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What did you do rocket wise today?

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o1d_dude

'I battle gravity'
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The hurricane knocked out power in a wide area here, including me for a few hours. No chance to go attempt to get the sustainer stage of my Way To High kit out of the tree. I actually drove to the park when the storm had abated, hoping the winds - which have knocked over dozens of trees in my town - had kicked it lose. Nope, it's still up there. :confused:

Meanwhile a giant pile of A, B, and C engines came for me to refill my stocks, along with some Bob Smith epoxy.

Finally, my FlightSketch Mini arrived (see below). It really is tiny! I'm going to try not to lose this into trees like my JollyLogic AltimiterTwo, which is still in the rocket mentioned above....

View attachment 427056
Mine arrived today as well.

TINY!

It took a moment to determine the power switch “clicker” is actually on the side of the switch housing.

I might have drawn the arrow a bit differently on the info card to indicate the direction of the push.
 

Joshua F Thomas

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It took a moment to determine the power switch “clicker” is actually on the side of the switch housing.

I might have drawn the arrow a bit differently on the info card to indicate the direction of the push.
I had this same experience. I might provide that as feedback to the designer - he's actually part of my local club.
 

Joshua F Thomas

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As an adolescent I thought that to be true. Most fields were clandestine and on the small side. When I taught rocketry to 4H, we got to use a farmer's field. We built Alphas and flew them on A8-3s. The kids were not impressed. We launched one a C6-5. Now, I had their attention. We could only see it because of the tracking smoke. We were able to recover the rocket because the field was so big. The next launch we used only C6-5s. Now decades later I belong to a club that launches at a farmer's field (different field, different state). After a couple of "not enough gas" comments, I bought a bulk box of C6-5s. No more comments. I use smaller motors for park flights.

It's funny, but I started off wanting MAX POWAH! motors and altitude all the time, and after losing rockets into trees a few times, I'm suddenly way more interested in lower-altitude successful recoveries. I'm going to start using more conservative "max altitude for this park is X" rules when I go flying on my own. The park I'm currently using I think I will limit to about 600 ft, despite the physical dimensions allowing for - in theory - 1000 ft. It's just way too easy to drift into trees when the wind up high is stronger.
 

Wally Ferrer

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Ah, your weight is gonna be a lot more than my Trident kit. That kit is good for about 1000 ft on 3x C6-5, with a total weight of about 275g (including motors).
I haven't got a weight yet, but figured I'd wind up with some Quest D16's going in there... but I need to sim it after weighing, in case the delays are too short.
 

Joshua F Thomas

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Yeah, I would definitely do a sim. 3x D16-6s will push mine to about 1350 feet, and I bought enough D16-6s to do that. It will be one heck of a launch, when I get the guts enough to do it.

Three Aerotech reloadables on D24s would push it all the way up past 2000 ft, but I am not that rich or that crazy.
 

Wally Ferrer

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Yeah, I would definitely do a sim. 3x D16-6s will push mine to about 1350 feet, and I bought enough D16-6s to do that. It will be one heck of a launch, when I get the guts enough to do it.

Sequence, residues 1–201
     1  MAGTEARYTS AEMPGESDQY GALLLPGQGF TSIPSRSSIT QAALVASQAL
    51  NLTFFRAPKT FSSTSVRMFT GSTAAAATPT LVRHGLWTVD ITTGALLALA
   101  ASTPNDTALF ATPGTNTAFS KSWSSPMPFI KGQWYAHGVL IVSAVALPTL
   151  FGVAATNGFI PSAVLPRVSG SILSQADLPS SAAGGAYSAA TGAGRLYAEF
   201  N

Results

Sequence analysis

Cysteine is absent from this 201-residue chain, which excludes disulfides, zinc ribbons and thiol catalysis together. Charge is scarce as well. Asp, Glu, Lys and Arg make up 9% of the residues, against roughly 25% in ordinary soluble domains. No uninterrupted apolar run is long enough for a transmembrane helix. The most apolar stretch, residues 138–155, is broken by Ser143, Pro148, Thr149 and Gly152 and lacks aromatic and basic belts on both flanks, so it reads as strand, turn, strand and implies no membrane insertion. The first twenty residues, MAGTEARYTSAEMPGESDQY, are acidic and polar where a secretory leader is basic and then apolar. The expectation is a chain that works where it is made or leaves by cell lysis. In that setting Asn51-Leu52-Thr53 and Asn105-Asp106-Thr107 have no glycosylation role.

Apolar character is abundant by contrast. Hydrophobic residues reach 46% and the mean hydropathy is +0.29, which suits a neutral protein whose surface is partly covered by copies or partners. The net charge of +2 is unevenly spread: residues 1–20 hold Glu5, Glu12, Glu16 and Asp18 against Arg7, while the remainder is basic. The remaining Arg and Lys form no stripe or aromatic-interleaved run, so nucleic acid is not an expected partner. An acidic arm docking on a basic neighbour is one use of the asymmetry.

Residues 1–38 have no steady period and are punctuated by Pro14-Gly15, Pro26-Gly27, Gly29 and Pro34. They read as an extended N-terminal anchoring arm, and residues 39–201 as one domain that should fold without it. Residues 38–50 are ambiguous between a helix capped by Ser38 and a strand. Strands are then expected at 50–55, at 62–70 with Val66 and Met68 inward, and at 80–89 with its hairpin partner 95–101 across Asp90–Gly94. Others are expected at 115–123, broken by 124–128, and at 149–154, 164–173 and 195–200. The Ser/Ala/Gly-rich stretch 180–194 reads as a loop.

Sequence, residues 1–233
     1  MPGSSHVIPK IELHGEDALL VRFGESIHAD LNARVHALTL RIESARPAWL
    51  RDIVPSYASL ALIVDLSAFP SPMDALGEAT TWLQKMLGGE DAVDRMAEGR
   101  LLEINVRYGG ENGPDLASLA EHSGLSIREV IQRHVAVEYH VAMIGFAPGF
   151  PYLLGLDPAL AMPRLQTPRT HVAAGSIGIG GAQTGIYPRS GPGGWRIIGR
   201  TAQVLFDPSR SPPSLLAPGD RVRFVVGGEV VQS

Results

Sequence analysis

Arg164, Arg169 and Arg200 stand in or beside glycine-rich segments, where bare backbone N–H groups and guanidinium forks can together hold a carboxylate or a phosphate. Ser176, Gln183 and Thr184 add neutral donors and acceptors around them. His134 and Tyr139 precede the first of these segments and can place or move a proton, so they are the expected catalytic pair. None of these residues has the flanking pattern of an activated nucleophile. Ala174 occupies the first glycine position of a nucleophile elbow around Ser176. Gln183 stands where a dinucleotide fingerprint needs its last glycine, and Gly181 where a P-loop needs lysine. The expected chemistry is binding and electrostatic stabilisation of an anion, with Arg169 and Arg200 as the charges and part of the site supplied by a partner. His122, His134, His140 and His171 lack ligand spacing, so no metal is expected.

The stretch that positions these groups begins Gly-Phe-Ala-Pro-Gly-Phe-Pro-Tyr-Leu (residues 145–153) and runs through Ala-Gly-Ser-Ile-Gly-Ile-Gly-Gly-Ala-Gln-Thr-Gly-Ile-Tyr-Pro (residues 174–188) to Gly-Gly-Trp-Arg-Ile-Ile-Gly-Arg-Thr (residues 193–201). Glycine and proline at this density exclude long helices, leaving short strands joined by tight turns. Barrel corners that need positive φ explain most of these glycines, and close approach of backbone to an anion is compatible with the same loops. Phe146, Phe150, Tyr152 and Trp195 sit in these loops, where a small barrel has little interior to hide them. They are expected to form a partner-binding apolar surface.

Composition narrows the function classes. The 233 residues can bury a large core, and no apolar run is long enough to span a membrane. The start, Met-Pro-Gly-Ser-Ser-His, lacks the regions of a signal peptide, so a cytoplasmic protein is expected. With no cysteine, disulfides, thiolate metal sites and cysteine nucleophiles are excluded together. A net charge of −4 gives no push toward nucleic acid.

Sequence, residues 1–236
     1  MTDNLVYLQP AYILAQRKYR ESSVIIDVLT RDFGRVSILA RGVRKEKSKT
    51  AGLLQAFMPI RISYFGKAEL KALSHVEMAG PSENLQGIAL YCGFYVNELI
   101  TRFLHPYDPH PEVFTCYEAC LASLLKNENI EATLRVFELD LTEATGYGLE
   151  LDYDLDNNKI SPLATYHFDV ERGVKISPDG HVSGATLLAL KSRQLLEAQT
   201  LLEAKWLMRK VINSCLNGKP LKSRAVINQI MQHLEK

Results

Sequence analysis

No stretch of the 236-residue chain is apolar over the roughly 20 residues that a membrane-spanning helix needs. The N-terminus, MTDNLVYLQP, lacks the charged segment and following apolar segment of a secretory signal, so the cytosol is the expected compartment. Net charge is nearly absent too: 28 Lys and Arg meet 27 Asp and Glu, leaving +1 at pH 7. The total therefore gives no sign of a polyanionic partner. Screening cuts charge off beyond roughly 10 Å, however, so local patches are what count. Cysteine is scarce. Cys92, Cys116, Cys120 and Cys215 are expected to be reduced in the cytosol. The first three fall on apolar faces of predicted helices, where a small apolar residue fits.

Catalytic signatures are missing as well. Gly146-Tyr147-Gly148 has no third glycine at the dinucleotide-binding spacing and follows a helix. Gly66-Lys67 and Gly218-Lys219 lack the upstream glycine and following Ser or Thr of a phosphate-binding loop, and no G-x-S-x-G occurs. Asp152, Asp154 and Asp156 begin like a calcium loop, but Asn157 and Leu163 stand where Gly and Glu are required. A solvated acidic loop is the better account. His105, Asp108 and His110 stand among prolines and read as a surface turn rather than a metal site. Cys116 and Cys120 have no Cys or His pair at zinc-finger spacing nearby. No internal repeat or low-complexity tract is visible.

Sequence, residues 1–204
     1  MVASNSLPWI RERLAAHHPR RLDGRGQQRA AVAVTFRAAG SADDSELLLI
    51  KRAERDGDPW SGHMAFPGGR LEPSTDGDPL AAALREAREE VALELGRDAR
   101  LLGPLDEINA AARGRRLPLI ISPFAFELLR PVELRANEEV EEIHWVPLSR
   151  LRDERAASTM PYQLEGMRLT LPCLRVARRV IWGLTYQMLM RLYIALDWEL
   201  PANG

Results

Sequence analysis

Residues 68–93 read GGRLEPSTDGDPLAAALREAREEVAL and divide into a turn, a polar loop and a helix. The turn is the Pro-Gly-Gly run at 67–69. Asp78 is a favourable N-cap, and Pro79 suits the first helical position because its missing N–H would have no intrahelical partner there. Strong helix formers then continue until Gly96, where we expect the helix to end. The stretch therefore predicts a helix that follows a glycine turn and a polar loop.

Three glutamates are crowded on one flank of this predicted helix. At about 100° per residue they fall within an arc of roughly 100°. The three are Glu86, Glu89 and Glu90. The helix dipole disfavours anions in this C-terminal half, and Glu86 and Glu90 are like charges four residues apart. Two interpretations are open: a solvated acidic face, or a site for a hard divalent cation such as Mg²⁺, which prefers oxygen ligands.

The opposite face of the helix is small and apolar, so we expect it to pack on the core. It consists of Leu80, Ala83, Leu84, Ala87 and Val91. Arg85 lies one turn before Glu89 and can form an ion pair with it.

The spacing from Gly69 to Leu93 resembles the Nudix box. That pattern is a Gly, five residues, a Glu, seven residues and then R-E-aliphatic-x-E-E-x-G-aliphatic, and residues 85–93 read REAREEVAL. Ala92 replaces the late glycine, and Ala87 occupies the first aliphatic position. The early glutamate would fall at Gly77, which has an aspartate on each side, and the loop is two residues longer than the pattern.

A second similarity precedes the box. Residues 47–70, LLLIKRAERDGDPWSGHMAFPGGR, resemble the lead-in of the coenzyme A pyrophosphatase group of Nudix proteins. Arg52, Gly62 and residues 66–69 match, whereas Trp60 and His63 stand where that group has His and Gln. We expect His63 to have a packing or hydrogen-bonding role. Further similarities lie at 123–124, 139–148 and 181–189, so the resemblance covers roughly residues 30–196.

Three Aerotech reloadables on D24s would push it all the way up past 2000 ft, but I am not that rich or that crazy.
That reminds me, I need to verify how many AT 18mm cases I have. I think I have two, but it could be one or three... 🤔 :goodjob: 🤪
 

rklapp

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One of the most mysterious fundamental forces in physics is the Rocket Strong Force. It attracts rockets to the only tree or pond in the field and rockets with screamers to overhead power wires. Perhaps its most mysterious manifestation is in rockets with trackers. When the tracker is working properly, it attracts the rocket to the pad. When the tracker malfunctions, it attracts the rocket far away. It's Heisenbergian that way. 😀
I'm thinking we could create a similar perpetual energy source if we suspend a tree above a falling rocket.

 

RobertH3

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Finished an orbital transport, just needs decal clear-coat and to bling up the stand - too plain as is. I started this while I was home from work with a back injury in late winter.
Sadly, this reissue from 2002 had decal decay to the point my bonder didn't work. They did the Crumble-crack and so the kit is now Semroc Astronautics. This is a retirement gift for a military friend and SF fan.
He will get a kick out of the 1960's SF realism "it will work" look and kit and stand will include facsimiles of the original bag card and the tech reports in a small booklet. One of the Estes greats, My 12 year old self inside, who was reading Asimov, Heinlein, and Niven, and sat through 2001 in the theater still looks at this and says: why didn't this happen??? Cheers / Robert

OT on stand.jpg
 

RobertH3

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Finished an orbital transport, just needs decal clear-coat and to bling up the stand - too plain as is. I started this while I was home from work with a back injury in late winter.
Sadly, this reissue from 2002 had decal decay to the point my bonder didn't work. They did the Crumble-crack and so the kit is now Semroc Astronautics. This is a retirement gift for a military friend and SF fan.
He will get a kick out of the 1960's SF realism "it will work" look and kit and stand will include facsimiles of the original bag card and the tech reports in a small booklet. One of the Estes greats, My 12 year old self inside, who was reading Asimov, Heinlein, and Niven, and sat through 2001 in the theater still looks at this and says: why didn't this happen??? Cheers / Robert